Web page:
Contractors, recruiters, and everyone else associated with the so-called “gig economy” appeared to breath a collective sigh of relief yesterday when it was announced at budget that reform of IR35 in the private sector would not be introduced in April 2019 as originally expected, but would instead be delayed by a year and introduced in April 2020. Further comfort was found in the fact that it was also announced that the future reform would not be wholesale across the private sector, but would instead only focus on those engagements where services are being supplied to medium and large- sized businesses. Exactly what is meant by medium and large is unclear at this stage, but several different measures could be used in this regard and government indicates that it will draw on those contained in the Companies Act 2006. By focusing only on medium and larger organisations, it is estimated that only about 5% of businesses within the private sector will need to apply the reform, though of course this is likely to bring substantially more than 5% of PSC’s in the private sector in-scope of the reform due to the relatively large volume of off-payroll resource that such organisations utilise.
This delay and “watering down” of the reform comes off the back of numerous campaigns by contracting bodies such as The FCSA that have fought tirelessly over recent months to point out the conceptual flaws and practical problems with the roll-out of the previous reforms introduced in the public sector (in April 2017). These efforts have been further bolstered by a recent spate of high profile losses for HMRC in the courts where judges have essentially overturned IR35 decisions reached by HMRC’s new digital tool (CEST).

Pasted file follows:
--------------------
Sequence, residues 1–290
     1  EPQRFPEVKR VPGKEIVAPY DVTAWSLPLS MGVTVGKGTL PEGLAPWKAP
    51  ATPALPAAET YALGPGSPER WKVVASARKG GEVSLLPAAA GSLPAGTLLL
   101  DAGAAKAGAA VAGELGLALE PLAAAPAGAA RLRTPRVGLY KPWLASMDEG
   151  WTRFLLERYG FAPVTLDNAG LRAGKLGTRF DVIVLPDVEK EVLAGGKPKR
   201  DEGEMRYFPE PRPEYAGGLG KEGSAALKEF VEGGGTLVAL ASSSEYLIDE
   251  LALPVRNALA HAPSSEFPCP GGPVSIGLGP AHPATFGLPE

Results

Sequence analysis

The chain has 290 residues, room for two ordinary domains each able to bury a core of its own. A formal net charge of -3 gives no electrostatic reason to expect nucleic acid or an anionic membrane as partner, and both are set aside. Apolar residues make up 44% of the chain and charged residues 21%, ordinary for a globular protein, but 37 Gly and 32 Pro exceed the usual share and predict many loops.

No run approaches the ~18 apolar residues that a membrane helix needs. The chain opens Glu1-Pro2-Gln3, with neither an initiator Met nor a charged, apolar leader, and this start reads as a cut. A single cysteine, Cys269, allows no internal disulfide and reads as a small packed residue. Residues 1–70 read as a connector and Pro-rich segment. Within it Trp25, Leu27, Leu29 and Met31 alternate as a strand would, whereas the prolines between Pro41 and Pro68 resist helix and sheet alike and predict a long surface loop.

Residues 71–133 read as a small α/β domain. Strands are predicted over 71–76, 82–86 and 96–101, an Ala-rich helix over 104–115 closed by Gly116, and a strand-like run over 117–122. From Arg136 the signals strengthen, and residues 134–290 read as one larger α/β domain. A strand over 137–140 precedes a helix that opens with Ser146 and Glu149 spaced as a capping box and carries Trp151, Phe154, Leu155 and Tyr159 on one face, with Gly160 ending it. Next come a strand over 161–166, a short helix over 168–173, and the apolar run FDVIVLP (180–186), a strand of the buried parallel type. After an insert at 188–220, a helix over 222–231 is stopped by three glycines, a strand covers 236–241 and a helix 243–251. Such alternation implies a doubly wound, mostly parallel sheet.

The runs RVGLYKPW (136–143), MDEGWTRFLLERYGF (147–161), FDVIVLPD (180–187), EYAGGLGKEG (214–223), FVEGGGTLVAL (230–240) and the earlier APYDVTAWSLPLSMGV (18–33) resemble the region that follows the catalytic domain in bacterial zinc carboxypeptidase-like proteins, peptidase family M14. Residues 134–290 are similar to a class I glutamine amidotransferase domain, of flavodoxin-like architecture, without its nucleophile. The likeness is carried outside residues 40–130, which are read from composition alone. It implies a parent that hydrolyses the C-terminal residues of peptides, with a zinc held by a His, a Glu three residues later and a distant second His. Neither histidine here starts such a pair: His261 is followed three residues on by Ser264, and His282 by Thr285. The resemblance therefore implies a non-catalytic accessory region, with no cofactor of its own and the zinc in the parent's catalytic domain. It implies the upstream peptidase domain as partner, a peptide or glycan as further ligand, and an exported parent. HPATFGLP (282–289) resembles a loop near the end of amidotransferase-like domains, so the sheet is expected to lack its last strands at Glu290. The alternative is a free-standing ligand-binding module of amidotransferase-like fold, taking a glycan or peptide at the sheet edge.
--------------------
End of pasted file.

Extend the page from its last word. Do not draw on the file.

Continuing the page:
In our opinion there is certainly non-compliance to IR35 across both the public and private sectors (although this is probably overstated by HMRC), but the roll-out of the public sector reform has been clumsy and just plain wrong on certain points of law. This delay to the roll-out of reform in the private sector gives all parties concerned a bit of breathing space in order to properly assess the successes and failures of the public sector roll-out, and to learn from it before introducing reform in the private sector.
Liberty Bishop will continue to offer fully compliant employment, accountancy, and back office support services to contractors and the recruitment sector, and will be fully involved in the debate as we move forward into 2019/20.